However, the identification of these medicinal plants provides a platform from which further pre-clinical and clinical studies could be formulated to determine the efficacy and safety of herbal preparations. These research efforts may provide alternative and/or complementary approaches for healthcare provision in the Caribbean and beyond.
We were able to achieve our objectives and identify medicinal plants used for the most common ailments across a wide cross-section of rural communities in Trinidad. These findings add to the body of work previously done on the island, and should provide a platform for more focused surveys in the future. Our survey showed significant retention of traditional knowledge of medicinal plants in rural Trinidad. More interestingly, a large remnant of medico-cultural concepts such as “cooling/cleanser”, “afterbirth”, “stoppage-of-water” and “womb infection” persist in the rural population. Although the scientific literature show that some of the cited plants possessed antimicrobial, anti-inflammatory and related pharmacological activities in laboratory studies, these results must be taken with caution until clinical trials are conducted to establish safety and efficacy.
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The authors wish to express their gratitude for the funding received from the Trinidad and Tobago Health Sciences Initiative under the auspices of the University of Trinidad and Tobago. We are thankful to our field researchers Mr. P. Mark, Ms. Alicia Halls and Mr. Steve Ramsaran for the professional manner in which they conducted the interviews, collected plant specimens and data input. Ms. Sharon Laurent for data entry and analysis. Mr. Winston Johnson, research technician, at the National Herbarium of Trinidad and Tobago for initially identifying the specimens by their scientific names. We also thank Mr. Terry Sampson for photographing the voucher specimens for significant plants and Mr. Hamish Asmath for the construction of GPS maps for sites visited and significant plants.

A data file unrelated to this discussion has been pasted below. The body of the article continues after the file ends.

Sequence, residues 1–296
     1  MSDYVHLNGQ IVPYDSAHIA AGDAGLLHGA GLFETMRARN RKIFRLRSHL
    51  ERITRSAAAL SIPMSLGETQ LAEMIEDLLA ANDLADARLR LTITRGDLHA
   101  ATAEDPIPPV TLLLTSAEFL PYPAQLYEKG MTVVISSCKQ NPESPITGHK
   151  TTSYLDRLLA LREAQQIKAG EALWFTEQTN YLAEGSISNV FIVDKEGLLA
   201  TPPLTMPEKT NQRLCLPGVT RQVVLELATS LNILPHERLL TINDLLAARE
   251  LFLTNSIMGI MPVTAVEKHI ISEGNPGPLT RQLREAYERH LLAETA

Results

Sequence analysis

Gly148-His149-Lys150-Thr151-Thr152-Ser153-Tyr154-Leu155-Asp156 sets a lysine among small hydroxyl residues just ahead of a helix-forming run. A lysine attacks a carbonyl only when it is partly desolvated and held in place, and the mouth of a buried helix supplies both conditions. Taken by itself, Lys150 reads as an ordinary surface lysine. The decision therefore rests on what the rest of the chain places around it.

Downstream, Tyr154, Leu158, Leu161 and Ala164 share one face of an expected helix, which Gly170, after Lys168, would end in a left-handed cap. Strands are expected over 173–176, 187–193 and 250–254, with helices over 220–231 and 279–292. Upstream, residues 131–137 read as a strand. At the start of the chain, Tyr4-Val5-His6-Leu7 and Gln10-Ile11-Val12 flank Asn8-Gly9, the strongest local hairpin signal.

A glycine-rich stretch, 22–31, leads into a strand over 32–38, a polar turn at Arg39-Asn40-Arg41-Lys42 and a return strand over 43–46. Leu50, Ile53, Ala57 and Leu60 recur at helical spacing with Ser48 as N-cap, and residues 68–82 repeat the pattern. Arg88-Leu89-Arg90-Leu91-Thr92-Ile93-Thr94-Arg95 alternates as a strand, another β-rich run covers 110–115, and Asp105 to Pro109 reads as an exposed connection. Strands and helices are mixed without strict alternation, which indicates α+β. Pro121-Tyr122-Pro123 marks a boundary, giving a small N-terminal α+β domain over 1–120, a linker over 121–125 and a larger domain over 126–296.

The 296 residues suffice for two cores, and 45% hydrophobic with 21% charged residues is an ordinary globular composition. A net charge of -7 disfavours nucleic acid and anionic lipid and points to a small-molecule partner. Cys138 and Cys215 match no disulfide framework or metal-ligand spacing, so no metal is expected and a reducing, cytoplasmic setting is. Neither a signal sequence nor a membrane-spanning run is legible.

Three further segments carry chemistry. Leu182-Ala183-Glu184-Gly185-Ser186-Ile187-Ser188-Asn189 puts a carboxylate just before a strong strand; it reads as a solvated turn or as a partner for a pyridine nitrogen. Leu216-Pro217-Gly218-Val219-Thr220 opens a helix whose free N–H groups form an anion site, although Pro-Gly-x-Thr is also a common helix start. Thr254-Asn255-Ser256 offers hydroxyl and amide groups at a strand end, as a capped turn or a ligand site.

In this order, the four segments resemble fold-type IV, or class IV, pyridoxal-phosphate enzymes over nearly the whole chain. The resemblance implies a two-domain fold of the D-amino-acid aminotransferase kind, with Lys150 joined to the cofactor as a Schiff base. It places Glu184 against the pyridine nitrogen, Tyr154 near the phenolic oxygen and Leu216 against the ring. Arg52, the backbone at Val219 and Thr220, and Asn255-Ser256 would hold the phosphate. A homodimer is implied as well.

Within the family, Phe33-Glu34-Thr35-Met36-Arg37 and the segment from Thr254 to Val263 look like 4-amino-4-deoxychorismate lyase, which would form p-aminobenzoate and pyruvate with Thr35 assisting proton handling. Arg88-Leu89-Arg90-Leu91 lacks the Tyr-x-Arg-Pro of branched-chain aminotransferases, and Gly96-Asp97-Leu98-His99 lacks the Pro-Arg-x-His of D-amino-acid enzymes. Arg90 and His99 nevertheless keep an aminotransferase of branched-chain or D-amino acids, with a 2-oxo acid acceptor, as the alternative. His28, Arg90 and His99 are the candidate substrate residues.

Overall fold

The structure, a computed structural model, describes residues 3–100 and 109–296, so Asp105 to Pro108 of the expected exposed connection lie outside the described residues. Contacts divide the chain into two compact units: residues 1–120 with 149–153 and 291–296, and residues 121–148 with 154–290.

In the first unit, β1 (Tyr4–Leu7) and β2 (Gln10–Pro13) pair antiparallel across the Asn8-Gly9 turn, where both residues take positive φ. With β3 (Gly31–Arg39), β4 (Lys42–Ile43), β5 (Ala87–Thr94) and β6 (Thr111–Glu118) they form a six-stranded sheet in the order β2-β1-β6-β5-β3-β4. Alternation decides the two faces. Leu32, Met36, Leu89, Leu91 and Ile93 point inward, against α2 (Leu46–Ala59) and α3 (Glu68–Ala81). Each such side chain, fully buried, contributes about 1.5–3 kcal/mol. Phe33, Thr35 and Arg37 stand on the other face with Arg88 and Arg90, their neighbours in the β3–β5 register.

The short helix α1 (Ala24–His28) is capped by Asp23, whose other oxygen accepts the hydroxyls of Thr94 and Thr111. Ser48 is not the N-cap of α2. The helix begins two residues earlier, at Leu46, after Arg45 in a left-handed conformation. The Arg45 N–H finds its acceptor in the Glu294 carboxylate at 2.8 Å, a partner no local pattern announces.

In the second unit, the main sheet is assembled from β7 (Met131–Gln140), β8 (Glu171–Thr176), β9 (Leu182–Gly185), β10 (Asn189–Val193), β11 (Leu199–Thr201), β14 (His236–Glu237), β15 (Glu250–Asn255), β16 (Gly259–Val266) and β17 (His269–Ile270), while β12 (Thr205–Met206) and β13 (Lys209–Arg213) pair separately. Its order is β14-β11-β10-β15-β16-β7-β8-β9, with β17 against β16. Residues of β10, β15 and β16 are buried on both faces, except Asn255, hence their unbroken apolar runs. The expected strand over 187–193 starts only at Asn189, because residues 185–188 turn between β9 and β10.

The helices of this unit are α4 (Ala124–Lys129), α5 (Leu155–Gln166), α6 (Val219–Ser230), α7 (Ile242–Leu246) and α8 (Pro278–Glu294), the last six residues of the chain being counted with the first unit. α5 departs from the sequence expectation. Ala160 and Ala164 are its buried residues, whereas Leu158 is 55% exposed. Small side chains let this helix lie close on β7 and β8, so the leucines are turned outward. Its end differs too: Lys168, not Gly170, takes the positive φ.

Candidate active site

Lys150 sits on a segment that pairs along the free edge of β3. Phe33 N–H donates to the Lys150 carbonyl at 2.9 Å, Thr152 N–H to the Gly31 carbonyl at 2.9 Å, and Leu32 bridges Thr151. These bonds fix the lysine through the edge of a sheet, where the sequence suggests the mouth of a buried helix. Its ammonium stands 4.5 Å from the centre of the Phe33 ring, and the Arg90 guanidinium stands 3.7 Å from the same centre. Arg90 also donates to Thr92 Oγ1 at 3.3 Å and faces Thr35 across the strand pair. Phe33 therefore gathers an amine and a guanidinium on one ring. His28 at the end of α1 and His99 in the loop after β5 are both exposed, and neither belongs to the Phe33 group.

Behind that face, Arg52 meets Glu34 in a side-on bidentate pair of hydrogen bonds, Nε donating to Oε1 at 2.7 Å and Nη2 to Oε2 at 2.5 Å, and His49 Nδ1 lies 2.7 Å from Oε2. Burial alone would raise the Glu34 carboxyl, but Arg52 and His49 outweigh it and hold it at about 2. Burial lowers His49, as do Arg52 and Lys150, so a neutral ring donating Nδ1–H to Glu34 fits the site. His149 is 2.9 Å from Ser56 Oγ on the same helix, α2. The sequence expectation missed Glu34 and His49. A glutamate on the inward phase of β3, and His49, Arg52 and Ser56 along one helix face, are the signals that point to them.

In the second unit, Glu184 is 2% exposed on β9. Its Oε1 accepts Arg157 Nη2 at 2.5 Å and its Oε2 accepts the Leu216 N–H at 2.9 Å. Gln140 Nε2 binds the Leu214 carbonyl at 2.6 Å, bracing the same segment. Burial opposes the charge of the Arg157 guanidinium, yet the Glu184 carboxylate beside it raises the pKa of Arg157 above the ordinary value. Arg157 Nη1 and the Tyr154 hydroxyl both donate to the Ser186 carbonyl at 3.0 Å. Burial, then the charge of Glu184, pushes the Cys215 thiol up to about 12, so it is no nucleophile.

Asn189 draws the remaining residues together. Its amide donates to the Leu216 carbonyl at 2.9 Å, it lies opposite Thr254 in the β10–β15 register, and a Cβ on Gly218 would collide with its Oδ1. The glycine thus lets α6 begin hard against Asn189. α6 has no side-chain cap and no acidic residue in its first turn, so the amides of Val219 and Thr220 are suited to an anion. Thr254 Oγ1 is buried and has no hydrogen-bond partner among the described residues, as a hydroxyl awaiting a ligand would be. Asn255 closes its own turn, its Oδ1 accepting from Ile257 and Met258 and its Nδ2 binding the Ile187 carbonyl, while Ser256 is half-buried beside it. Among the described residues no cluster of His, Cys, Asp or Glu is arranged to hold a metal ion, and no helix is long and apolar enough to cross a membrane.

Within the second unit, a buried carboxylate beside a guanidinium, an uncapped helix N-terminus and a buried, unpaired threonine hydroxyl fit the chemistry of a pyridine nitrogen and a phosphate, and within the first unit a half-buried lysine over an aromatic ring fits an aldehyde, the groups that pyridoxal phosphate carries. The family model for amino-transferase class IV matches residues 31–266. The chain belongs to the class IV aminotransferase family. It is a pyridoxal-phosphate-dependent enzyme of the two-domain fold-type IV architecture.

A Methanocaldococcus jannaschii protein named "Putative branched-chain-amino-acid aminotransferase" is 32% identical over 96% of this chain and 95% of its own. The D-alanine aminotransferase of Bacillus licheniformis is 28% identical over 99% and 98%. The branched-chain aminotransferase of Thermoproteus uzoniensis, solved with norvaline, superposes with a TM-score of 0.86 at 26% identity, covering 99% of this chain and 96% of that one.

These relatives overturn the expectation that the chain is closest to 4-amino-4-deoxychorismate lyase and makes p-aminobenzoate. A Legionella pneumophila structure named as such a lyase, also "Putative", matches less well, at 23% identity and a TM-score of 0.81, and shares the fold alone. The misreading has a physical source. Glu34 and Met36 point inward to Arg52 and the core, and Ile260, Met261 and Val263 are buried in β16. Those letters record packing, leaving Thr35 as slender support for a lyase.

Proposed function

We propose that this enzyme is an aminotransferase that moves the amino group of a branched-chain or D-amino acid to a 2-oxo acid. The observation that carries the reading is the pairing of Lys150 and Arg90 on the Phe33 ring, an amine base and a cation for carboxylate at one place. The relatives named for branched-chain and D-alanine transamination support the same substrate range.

The authors declare that they have no competing interests.
YC was involved in the initial design of the study, and training of the field researchers. He also spearheaded data analysis and drafting of the manuscript. YB-C contributed to guiding the botanical field survey, the identification of the plants in the herbarium and editing the manuscript. CS contributed to the data analysis, literature searches and reading and approving the manuscript. All authors read and approved the final manuscript.
TRAMIL sample survey questionnaire
Treatments used for: (local name of the problem)
Illness description (in basic English):
First treatments (the last time the problem has come out in the family):
___ traditional medicinal plants
___ healer or witch doctor
___ medical officer
Description and way of preparation of the remedy:
How did you take the remedy, in what quantity and how many times?:
Where did you find the plants?
___ not at home
Have you already used this remedy?
Which results have you obtained?
What precautions should be observed during treatment?
(contraindications & side effects)
And for the children?
(contraindications and directions for use)
Available at: http://www.tramil.net/english/TramilModelo.html
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Clement, Y.N., Baksh-Comeau, Y.S. & Seaforth, C.E. An ethnobotanical survey of medicinal plants in Trinidad. J Ethnobiology Ethnomedicine 11, 67 (2015). https://doi.org/10.1186/s13002-015-0052-0